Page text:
When John Stonestreet and I wrote “Restoring All Things” in 2014, the hardest part was deciding what stories to put in and what stories to leave out. We were looking for stories of Christians making a difference in their communities. We found hundreds of them, and it soon became evident that there were thousands. Although we crammed more than a hundred into the book, we had barely touched the tip of a magnificent iceberg.
Since the book was published, John and I have encountered hundreds more stories that—if we were writing Restoring All Things today—would be candidates for inclusion.
Take, for example, the story of Charlotte Rescue Mission. Executive Director Tony Marciano believes any attempt to help the homeless that does not include a strong spiritual component is destined for failure. The statistics bear him out. The vast majority of people who go through addiction rehabilitation programs relapse soon after leaving the program. But Charlotte Rescue Mission’s success rate, while nowhere near 100 percent, dramatically exceeds that of secular programs. Why? Marciano told me:
“If you could use one word to explain what we do, it’s transformation. We work from the inside out. We don’t work from the outside in. We’re not looking at the symptoms of what causes them to self-destruct. We want to know why they’re doing it. At the root of an addict is what we call a shame-based identity. Shame says, ‘I am wrong. I’m defective. If you knew me, you wouldn’t like me. If God knew me, God wouldn’t like me.’ Unless they deal with that shame-based identity, that person will continue to self-destruct over and over and over again. Why the gospel? Why are we a gospel rescue mission? Because it’s the power of God’s unconditional love that is found in Jesus Christ that really can crack through that shame-based identity.”
In “Restoring All Things,” John and I told stories, like that of Charlotte Rescue Mission, because stories have the power to change both minds and hearts. Jesus taught his followers with stories. In fact, Mark 4:34 says, “He did not speak to them except in parables.” My friend (and Wilberforce Weekend 2018 speaker) Andrew Peterson is fond of saying, “If you want someone to hear the truth, tell them the truth. If you want them to love the truth, tell them a story.” Damon of Athens once said, “Give me the songs of a people, and I care not who writes their laws.”
That’s why every Friday, my end-of-week column will include stories of Christians who are engaged with God in the great task of “restoring all things.” These stories will address one or more of the four questions at the beginning of Restoring All Things:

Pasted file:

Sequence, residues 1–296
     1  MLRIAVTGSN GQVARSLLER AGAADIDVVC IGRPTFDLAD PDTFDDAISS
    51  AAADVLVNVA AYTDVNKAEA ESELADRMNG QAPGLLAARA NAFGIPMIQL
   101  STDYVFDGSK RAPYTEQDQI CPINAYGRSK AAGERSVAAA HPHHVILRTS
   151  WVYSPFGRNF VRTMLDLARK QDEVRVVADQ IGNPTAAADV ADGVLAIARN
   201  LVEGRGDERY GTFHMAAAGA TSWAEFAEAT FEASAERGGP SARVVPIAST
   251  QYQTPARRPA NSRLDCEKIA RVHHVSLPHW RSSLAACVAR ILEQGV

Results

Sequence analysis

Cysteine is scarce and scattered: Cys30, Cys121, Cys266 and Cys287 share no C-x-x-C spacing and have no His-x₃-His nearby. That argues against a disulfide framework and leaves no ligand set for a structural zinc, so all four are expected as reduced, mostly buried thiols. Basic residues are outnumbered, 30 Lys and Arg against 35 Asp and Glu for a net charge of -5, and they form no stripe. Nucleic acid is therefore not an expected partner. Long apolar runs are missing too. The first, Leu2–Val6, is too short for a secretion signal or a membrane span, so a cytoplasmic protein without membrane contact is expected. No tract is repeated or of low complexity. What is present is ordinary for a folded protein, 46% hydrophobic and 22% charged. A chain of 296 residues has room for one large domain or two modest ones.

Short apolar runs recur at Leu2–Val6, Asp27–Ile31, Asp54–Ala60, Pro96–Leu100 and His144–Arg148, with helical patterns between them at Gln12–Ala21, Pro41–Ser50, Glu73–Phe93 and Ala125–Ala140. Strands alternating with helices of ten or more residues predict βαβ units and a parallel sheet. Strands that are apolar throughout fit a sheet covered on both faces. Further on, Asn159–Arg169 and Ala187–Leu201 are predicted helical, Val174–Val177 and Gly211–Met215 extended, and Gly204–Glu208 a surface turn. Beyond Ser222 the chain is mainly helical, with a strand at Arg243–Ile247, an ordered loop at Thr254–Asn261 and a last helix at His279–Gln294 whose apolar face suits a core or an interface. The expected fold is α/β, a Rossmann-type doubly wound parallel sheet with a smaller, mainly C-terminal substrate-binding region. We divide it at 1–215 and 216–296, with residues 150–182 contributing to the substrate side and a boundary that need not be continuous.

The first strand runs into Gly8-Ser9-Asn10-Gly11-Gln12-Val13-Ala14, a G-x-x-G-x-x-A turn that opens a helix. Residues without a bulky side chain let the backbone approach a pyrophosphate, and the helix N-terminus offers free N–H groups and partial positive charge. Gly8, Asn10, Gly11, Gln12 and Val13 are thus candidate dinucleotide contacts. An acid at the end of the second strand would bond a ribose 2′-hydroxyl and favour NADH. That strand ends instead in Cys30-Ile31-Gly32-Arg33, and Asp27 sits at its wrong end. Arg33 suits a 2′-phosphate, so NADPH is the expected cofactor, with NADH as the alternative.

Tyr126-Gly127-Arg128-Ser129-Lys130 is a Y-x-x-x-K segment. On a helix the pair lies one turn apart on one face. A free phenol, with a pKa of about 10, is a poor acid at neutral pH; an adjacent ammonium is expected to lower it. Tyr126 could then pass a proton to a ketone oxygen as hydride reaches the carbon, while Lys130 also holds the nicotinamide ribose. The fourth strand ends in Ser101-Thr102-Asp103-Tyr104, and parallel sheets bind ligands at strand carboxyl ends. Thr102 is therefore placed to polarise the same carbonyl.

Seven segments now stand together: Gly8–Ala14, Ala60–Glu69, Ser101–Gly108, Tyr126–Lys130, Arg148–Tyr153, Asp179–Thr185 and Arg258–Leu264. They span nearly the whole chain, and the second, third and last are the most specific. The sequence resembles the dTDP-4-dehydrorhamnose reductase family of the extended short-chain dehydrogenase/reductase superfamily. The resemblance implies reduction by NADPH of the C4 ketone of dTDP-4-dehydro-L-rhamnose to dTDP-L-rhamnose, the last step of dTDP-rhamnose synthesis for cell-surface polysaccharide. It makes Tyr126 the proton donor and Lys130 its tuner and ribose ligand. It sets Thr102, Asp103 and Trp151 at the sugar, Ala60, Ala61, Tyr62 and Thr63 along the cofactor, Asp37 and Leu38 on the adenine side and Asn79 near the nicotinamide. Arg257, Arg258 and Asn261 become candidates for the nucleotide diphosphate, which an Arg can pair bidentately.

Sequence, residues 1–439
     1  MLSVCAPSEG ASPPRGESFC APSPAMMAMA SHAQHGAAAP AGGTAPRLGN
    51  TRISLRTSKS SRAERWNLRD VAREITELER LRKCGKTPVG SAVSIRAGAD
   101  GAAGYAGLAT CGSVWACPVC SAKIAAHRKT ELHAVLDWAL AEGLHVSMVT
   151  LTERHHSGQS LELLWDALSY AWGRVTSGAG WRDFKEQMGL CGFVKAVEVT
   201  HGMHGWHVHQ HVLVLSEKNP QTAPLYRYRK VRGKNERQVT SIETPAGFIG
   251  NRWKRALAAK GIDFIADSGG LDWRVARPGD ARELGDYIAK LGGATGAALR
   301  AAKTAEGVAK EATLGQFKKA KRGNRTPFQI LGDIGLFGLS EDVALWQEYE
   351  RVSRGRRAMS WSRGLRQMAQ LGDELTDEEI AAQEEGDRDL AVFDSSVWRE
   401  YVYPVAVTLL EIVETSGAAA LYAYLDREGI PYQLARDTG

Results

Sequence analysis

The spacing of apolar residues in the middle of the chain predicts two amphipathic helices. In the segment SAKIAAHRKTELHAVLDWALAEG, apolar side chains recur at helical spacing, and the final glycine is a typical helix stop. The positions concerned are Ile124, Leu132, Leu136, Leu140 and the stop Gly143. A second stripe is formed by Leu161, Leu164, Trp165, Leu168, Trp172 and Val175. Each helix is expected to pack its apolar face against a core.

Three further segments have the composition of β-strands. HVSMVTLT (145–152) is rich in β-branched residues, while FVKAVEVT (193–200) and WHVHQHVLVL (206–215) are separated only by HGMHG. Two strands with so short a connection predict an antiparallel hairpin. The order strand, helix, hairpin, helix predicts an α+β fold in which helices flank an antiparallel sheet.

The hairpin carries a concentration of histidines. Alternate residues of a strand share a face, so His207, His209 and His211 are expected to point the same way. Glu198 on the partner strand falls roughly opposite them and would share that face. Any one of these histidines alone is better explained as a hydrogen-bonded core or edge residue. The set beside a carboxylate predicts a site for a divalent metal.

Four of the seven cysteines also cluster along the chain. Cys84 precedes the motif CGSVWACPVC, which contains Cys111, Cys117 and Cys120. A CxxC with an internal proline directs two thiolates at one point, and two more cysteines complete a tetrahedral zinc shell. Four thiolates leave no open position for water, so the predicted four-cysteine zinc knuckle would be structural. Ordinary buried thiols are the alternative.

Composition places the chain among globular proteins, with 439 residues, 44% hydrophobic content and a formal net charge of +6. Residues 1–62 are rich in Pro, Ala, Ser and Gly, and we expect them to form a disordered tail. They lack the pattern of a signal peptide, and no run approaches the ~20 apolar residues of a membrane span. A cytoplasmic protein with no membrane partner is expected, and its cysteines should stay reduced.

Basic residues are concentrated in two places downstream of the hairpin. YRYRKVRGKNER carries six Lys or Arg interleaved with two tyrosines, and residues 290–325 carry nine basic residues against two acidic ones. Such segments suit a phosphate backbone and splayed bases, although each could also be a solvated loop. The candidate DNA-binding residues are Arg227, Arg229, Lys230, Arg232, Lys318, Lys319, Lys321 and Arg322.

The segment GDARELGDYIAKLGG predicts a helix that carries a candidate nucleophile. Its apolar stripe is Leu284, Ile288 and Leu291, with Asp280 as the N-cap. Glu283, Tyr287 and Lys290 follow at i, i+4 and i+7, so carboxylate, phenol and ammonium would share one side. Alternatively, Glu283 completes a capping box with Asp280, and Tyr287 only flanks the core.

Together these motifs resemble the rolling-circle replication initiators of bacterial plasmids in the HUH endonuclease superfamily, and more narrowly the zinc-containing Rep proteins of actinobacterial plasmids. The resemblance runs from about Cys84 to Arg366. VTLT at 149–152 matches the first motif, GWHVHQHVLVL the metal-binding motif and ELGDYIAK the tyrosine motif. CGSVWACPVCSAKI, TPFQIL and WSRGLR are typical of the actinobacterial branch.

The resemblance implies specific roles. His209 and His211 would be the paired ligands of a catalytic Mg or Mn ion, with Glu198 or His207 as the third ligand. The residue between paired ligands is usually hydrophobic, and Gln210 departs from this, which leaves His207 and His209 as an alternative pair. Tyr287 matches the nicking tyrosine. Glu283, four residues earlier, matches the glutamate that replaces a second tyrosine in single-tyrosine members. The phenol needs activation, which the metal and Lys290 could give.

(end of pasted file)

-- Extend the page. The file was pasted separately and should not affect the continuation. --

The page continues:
- What is good in our culture that we can promote, protect, and celebrate?
- What is missing in our culture that we can creatively contribute?
- What is evil in our culture that we can stop?
- What is broken in our culture that we can restore?
I already have dozens of such stories, but we can never have too many. The world is hungry for them. And in a society that is at best apprehensive, and more often antagonistic, toward Christian ideas, the credibility of the church often depends on such stories. James 1:22 tells us to be not merely hearers of the Word, but doers also. These kinds of accounts provide evidence of the doing to a watching and skeptical world. Stories proclaim that we Christians are ready, willing, and able to practice what we preach. And they provide examples and encouragement for others to go and do likewise.
So if you know of people and ministries that deserve a wider audience, please email me at email@example.com. I can’t promise you I’ll use every story. But I can promise you I will consider every idea, and respond to every email. The late Robert Webber, an influential teacher, writer, and theologian who spent much of his career at Wheaton College, once said, “The most pressing spiritual question of our time is this: Who gets to narrate the world?”
Let it be us. Let us begin now.
Have a Follow-up Question?
Want to dig deeper?
If you want to challenge yourself as many others have done, sign up below.